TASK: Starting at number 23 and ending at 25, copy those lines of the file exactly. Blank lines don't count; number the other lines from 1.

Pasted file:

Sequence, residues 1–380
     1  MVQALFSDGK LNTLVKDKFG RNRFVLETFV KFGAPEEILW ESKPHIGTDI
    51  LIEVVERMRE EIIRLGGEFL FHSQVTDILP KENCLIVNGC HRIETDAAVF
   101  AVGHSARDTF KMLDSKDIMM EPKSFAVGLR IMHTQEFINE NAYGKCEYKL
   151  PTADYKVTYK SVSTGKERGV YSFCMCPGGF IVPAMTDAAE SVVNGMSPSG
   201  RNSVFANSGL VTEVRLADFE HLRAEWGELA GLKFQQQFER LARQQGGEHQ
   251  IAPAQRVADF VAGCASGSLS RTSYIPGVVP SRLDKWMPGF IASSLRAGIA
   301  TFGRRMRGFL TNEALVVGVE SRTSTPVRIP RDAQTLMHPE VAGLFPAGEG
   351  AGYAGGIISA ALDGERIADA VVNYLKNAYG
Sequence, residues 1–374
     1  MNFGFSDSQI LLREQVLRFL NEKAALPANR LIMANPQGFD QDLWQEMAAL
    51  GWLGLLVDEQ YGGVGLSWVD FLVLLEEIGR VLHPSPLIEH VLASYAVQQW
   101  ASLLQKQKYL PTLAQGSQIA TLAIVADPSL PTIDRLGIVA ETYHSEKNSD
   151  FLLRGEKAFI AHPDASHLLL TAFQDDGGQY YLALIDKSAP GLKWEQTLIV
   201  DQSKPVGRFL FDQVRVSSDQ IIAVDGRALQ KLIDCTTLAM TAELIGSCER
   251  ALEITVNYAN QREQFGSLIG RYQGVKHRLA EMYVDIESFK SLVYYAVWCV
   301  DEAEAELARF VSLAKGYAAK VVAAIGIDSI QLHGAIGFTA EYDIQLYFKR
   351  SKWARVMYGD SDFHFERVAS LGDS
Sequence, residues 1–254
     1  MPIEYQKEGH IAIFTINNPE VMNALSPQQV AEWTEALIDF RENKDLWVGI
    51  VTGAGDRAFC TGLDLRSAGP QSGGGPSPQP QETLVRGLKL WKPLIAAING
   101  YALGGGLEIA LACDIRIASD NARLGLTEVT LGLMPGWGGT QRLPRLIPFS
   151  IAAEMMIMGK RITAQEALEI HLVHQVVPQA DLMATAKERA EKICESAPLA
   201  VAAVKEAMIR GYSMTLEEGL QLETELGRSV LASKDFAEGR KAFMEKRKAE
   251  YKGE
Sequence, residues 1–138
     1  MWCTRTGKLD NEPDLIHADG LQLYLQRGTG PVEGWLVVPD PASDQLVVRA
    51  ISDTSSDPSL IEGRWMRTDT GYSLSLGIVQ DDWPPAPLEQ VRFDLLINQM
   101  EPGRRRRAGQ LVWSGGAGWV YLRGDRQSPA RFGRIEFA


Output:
   151  IAAEMMIMGK RITAQEALEI HLVHQVVPQA DLMATAKERA EKICESAPLA
   201  VAAVKEAMIR GYSMTLEEGL QLETELGRSV LASKDFAEGR KAFMEKRKAE
   251  YKGE